After recently cleaning the All Day Ruckoff gym we stumbled upon a large number of ruck plates… which include one of each size that GORUCK produces. Ruck Plates are one of my favorite inventions and I think it’s mentioned in the “Securing GORUCK Ruck Plates” post that I exclusively use Ruck Plates now due to their size to weight ratio. Gone are the days that 80% of your pack is filled with six bricks! They are very compact and fit perfectly in the GORUCK Rucker (our review).
In this post we’ll be comparing ruck plate sizes so you can judge how they look next to each other as well as how they fit in a GORUCK Rucker 1.0
Ruck Plate Comparison
Here’s the big comparison… hopefully you find at least one part of it useful. For those curious here’s the time frame that the GORUCK Ruck Plates were released in as they were not all released at the same time. Originally the 10 lb, 20 lb Expert, and 30 lb Expert were released… although they did not have the name Expert tied to them at the time. Then, the 45 lb ruck plate was released and finally the 20 lb Standard and 30 lb Standard plates were launched. When those two plates were created the previous 20 lb and 30 lb plates received the title “Expert” in their product name to differentiate them form the newer plates.
From using all of these plates I can say that I personally feel the 20 lb Standard and 30 lb Standard have a better use of space for rucking. They’re thinner and wider so they distribute the weight across your back more evenly and take up less of the depth of your pack. Of course that’s all preference but it’s what I’ve noticed.
10 lb vs 20 lb Expert
The width of the plates are identical which you’d also expect due to the sizing. The 10 lb plate is the least used plate in the gym. The only times it comes out are when: someone is very new to rucking, someone wants a little extra weight, someone is under 150 lbs and needs to borrow it for a GORUCK Light.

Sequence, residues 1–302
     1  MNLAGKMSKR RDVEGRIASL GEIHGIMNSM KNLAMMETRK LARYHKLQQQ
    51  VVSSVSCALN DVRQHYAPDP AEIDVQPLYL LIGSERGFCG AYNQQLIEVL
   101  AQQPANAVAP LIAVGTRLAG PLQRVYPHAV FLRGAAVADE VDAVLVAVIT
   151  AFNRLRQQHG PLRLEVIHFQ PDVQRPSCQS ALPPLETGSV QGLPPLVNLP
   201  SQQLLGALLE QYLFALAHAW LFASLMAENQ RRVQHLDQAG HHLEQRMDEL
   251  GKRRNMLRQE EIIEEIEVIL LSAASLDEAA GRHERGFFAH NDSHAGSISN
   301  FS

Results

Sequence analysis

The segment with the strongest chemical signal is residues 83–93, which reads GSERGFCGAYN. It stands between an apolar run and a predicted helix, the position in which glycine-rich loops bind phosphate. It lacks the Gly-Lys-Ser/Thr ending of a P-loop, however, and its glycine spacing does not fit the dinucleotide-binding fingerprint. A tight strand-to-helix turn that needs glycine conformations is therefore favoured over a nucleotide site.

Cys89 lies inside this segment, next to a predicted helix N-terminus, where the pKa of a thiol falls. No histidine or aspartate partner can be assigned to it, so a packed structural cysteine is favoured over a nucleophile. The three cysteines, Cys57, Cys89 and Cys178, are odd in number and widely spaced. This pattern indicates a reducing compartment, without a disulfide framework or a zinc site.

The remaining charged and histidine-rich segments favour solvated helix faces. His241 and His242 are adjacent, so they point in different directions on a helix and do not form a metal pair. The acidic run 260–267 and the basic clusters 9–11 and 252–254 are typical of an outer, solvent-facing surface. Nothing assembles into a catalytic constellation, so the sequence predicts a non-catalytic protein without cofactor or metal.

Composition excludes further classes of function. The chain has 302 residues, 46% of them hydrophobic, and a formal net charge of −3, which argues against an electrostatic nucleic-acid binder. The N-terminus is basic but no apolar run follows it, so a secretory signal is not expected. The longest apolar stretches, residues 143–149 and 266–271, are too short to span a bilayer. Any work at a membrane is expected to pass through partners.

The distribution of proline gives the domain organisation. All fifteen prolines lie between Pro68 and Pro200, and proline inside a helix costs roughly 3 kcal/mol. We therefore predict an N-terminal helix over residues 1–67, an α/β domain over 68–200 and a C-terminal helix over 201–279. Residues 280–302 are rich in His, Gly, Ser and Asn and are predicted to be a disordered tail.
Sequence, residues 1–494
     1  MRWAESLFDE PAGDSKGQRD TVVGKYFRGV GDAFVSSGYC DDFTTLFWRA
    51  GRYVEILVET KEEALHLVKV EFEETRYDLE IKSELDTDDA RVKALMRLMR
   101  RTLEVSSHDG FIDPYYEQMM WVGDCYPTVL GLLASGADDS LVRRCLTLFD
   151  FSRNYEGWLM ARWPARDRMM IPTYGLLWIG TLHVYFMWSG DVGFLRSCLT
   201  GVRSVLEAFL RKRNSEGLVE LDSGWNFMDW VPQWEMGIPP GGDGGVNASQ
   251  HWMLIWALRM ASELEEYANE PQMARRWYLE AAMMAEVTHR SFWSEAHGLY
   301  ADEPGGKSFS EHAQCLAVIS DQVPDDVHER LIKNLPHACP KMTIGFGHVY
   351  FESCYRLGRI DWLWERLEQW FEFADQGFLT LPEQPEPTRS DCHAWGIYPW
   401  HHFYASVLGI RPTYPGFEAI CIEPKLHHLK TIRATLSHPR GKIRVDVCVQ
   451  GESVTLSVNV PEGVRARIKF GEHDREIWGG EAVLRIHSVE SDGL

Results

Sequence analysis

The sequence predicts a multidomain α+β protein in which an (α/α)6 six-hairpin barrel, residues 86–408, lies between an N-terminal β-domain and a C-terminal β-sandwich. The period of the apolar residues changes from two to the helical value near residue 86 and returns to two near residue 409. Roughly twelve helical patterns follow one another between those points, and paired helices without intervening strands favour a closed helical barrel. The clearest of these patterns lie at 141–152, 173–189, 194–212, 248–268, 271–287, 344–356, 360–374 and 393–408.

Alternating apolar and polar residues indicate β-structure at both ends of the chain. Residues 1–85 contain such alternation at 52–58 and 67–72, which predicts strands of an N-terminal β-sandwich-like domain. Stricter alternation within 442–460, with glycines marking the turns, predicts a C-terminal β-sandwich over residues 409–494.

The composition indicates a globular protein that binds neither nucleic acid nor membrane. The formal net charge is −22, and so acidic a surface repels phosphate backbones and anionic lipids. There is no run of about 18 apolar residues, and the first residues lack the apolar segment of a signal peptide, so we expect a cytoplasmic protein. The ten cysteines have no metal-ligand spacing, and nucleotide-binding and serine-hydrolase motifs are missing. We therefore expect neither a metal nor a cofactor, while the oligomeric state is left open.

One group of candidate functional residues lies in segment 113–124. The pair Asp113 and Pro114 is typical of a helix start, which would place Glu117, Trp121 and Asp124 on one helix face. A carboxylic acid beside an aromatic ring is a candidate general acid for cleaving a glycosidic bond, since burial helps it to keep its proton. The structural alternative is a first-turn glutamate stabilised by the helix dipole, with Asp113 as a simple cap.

20 lb Expert vs 20 lb Standard
Here we’ve got the 20 lb Expert (right) next to the 20 lb Standard (left). You can see that the expert is wider and shorter while the standard is taller and skinnier. The new Standard plate is designed to fit into a Bullet Ruck so if you’re under 150 lbs you can rock that at a GORUCK Tough or if you’re over 150 you can rock it at a GORUCK Light.
Interestingly enough the thickness of the plates are nearly identical… with the expert being a few hundredths of an inch thicker.
30 lb Expert vs 30 lb Standard
… and as expected it’s much thicker.
30 lb Standard vs 45 lb Standard
… thickness. The 45 lb plate is much thicker than the 30 lb Standard. This makes complete sense because those extra 15 lbs have to come from somewhere!
Here’s the 30 lb plate sitting directly on top of the 45 lb plate… it’s hard to tell the 45 lb is even in the picture at all.
Ruck Plates in Rucker 1.0
The way the weight plates fit inside your pack is very important. If the weight is too low then you’ll feel it more on your lower back so we always recommend keeping the weight as high as possible. Here’s how all of the ruck plates sit by default in a 21 liter (current version) Rucker.
10 lb Ruck Plate
Can you even tell it’s there? We can’t.
20 lb Expert Ruck Plate
It hardly peaks out through the top of the sleeve.
30 lb Expert Ruck Plate
Very similar to the 20 lb Expert plate it hardly peaks out the top.
20 lb Standard Ruck Plate
The 20 lb Standard sticks well out of the top of the ruck plate holder which means it does a better job raising some of that weight.
30 lb Standard Ruck Plate
The 30 lb Standard sticks well out of the top of the ruck plate holder which means it also does a better job raising some of that weight off of your lower back.
45 lb Standard Ruck Plate
The 45 lb plate is a BEAST of a plate and takes up nearly the entire back of the Rucker. This is, in a way, nice because it at least distributes those 45 lbs over your entire back instead of lumping it all in one location.
Ruck Plate Usage
When it comes to using the Ruck Plates we have a preference. To us… it’s easier to ruck with the standard line of ruck plates (right out of the box) and then use the expert plates for PT and kettle bell style exercises. If you’re willing to do some work to raise your weight then the expert plates could be better for rucking as you can get more of their weight higher on the back. At that point, however, 30 lbs is 30 lbs and there probably won’t be much of a difference in feeling. The important part is just getting as much of it off your lower back as possible.
Do you have a preference between the two styles of ruck plates? Let us know… we’d love to hear about it in the comments!